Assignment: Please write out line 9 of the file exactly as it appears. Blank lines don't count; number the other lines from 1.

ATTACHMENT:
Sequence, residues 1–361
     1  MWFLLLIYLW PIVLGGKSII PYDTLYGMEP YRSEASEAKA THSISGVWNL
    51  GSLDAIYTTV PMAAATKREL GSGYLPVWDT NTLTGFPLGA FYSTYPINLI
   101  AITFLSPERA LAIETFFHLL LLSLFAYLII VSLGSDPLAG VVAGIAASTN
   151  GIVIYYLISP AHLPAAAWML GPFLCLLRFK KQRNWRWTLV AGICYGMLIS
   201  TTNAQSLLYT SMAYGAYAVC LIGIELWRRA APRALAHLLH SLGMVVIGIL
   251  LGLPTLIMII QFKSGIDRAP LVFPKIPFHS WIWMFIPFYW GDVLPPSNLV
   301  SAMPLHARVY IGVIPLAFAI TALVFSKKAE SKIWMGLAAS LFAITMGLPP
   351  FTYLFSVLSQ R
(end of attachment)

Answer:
   351  FTYLFSVLSQ R